Menu dated 4th March 1939
Dinner at the Abdine Palace, Cairo, hosted by His Majesty King Farouk I of Egypt in honour of His Imperial Highness Crown Prince (future Shah) Mohammad Reza Pahlavi of Iran on the occasion of his first meeting with his fiancée, Her Royal Highness Princess Fawzia of Egypt (future Queen of Iran)
At this 1939 royal banquet, King Farouk of Egypt served a spectacular blend of Arabic and French cuisine including whole spit roasted suckling lamb, pistachio baklava and stuffed vine leaves alongside pheasants with stuffed artichokes, snipe pâté, dishes of caviar, truffles and foie-gras; and a dessert of chestnut mousse with crytsalised violets.
Of course this was no ordinary occasion. King Farouk’s 17 year-old sister, Princess Fawzia, was about to marry the 19 year-old Crown Prince of Iran; who two years later would become Shah.
Just one day before this banquet, on 3rd March, the Crown Prince arrived in Cairo by royal train and set eyes upon his fiancée for the first time. King Farouk greeted his soon to be brother-in-law at the Abdine Palace before escorting him to the ‘Blue Room’ to meet Princess Fawzia along with the Queen and Queen Mother of Egypt.
The Crown Prince would spend the next 24 hours getting to know his fiancée and in-laws before preparing to be the guest of honour at this palace banquet the following night. The menu card, written in both French and Arabic, is decorated with the royal arms of Egypt and the imperial arms of Iran in recognition of the two family houses coming together.
The official signing of the marriage contract (a part of Muslim tradition) took place eleven days later on 15th March with a second wedding celebration taking place when the newly married couple arrived in Iran’s capital, Tehran.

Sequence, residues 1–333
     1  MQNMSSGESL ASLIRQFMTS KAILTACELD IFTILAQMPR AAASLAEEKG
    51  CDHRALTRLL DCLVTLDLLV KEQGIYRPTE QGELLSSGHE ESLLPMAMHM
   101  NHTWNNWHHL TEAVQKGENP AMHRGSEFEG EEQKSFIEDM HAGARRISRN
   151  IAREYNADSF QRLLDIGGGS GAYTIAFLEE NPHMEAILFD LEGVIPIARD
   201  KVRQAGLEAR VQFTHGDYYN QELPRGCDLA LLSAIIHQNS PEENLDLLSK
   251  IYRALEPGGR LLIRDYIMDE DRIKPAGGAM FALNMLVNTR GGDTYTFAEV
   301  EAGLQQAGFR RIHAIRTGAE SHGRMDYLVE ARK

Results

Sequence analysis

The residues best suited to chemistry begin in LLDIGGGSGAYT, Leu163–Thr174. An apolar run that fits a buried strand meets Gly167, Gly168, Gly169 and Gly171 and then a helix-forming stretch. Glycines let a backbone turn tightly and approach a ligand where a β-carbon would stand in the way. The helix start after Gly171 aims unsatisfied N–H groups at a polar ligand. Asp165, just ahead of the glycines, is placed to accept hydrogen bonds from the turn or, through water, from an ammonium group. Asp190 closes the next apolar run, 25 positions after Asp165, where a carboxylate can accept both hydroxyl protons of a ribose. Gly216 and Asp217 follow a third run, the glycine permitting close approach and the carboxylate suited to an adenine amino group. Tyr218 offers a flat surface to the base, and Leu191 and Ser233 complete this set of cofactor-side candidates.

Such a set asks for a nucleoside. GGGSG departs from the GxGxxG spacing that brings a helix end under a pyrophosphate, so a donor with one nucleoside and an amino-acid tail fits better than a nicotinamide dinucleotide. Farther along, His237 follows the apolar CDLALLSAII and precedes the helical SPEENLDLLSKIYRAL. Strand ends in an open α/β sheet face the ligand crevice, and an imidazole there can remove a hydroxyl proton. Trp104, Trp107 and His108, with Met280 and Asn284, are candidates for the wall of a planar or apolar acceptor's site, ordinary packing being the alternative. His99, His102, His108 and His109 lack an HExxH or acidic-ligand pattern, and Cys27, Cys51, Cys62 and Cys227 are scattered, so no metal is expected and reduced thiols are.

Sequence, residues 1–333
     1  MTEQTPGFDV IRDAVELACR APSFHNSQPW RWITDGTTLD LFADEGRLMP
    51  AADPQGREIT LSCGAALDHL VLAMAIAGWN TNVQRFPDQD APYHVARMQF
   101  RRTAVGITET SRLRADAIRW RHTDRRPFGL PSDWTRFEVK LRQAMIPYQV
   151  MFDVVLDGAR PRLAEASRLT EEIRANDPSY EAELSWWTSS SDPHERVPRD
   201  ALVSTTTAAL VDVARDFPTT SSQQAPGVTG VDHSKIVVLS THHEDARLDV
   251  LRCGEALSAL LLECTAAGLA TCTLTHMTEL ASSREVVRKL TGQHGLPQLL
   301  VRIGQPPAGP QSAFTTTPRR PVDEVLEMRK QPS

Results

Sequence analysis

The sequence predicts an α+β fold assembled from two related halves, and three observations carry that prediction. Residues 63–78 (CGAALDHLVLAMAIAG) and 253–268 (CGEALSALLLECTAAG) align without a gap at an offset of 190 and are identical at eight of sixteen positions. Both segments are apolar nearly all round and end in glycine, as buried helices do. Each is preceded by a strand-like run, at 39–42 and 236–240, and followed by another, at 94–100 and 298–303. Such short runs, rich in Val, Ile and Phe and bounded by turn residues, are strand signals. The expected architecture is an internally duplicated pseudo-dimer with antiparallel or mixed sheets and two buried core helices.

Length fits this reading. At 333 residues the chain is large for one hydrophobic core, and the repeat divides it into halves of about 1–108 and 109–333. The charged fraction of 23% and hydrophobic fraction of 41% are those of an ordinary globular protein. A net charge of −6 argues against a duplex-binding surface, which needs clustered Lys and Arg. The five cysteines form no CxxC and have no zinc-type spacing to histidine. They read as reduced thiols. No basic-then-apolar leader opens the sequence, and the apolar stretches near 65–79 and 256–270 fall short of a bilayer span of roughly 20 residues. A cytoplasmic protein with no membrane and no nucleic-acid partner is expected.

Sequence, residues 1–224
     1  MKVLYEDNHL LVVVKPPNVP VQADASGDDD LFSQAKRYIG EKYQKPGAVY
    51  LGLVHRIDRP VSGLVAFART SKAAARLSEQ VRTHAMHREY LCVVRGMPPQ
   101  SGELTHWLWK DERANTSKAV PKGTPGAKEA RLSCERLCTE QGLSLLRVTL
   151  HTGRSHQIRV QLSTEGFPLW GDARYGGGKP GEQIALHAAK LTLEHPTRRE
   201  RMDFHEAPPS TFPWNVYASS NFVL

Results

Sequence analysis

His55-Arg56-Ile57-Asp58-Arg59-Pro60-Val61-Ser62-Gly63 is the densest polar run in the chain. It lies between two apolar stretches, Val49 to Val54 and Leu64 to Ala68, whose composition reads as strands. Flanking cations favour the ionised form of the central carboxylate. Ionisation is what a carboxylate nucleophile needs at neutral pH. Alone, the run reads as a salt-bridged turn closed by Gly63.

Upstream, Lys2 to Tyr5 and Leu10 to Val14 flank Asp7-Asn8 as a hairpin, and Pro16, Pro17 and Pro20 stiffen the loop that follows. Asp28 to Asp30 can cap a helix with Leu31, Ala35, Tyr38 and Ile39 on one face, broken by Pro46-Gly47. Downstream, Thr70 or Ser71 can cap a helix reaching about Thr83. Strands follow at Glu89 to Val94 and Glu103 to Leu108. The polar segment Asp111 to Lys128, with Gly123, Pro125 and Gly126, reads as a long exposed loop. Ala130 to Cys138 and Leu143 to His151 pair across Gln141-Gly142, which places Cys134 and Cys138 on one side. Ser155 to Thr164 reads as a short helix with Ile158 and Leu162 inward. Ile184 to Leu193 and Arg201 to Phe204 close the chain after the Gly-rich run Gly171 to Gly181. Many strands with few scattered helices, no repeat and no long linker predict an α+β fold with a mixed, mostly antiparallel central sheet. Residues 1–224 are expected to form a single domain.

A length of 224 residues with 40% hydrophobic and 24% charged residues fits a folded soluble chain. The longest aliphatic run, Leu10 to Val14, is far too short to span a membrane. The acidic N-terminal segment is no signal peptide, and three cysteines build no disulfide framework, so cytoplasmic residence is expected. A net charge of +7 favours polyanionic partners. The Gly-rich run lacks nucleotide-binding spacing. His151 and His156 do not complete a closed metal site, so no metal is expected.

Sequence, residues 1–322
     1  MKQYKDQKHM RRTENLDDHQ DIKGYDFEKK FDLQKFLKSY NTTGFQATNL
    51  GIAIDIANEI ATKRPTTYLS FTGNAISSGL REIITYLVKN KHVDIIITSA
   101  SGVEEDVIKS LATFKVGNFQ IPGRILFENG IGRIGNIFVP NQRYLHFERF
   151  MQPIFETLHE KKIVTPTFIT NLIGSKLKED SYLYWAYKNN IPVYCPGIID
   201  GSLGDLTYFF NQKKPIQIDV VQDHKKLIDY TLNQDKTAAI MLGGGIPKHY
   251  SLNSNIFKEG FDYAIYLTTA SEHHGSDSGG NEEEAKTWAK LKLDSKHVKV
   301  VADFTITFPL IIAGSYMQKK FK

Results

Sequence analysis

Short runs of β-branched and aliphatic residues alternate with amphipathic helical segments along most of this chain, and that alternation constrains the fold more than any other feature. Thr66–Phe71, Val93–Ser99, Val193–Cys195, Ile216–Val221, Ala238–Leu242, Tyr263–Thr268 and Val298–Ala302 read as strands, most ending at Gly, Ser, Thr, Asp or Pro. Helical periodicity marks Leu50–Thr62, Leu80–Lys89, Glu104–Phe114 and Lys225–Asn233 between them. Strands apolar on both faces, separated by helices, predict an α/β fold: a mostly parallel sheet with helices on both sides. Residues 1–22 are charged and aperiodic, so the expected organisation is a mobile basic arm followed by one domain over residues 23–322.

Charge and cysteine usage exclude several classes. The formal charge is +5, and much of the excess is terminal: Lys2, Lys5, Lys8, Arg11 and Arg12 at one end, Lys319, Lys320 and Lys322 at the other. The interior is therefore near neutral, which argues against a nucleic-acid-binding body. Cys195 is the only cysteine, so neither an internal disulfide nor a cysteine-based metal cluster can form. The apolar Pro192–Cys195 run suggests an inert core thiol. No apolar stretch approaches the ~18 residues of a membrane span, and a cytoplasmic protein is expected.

Fawzia became Queen of Iran two years later in 1941 when her husband ascended to the throne as Shah of Iran. However the marriage would not last long with the couple divorcing in 1945.
Consommé de volaille chaud
Hot chicken consommé
Consommé de volaille froid
Cold chicken consommé set as a jelly, cubed and topped with whipped cream
Loup de mer de la Mediterranée à la Norvégienne
Filets of Branzin from the Mediteranean Sea glazed with aspic jelly and garnished with small cucumbers stuffed with a smoked-salmon mousse
Buisson de crevettes à l’Imperiale
Large shrimps, trussed into a pyramid shape, and garnished with caviar and truffle slices
Terrine de noix de veau à la Strasbourgeoise
Terrine made from tournedos of veal, foie-gras and flavored with Madeira
Galantine de chapon à la gelée
Cold terrine made from capon meat, rabbit, eggs and spices and sealed in aspic jelly
Agneau de lait à la Menoufieh
Spit-roasted suckling lamb prepared in an Egyptian style named after the Menoufieh province of Egypt
Faisan de Bohème à la Châtelaine
Breasts of pheasant garnished with artichoke hearts stuffed with chestnut purée
Langue de Charolais à l’ecarlate
Pickled beef tongue
Pâté de bécassines en croûte
Croûtons topped with a pâté made from snipe
Dinde au cresson
Turkey breasts dressed in a watercress cream
Market garden salad
Gerbe d’Argenteuil sauce moutarde
Florets of white asparagus dressed in a mustard sauce
Traditional Egyptian rice stuffed vine leaves
Plaited pastries made from leavened dough mixed with orange blossom water which are then deep fried and sprinkled with confectioners’ sugar
Counafa aux pistaches
Chestnut mousse topped with Chantilly cream and crystallized violets
Petits fours varies
Crytalised fruits and nougat
Petits pains à la Française
New York Times -
4th March 1939
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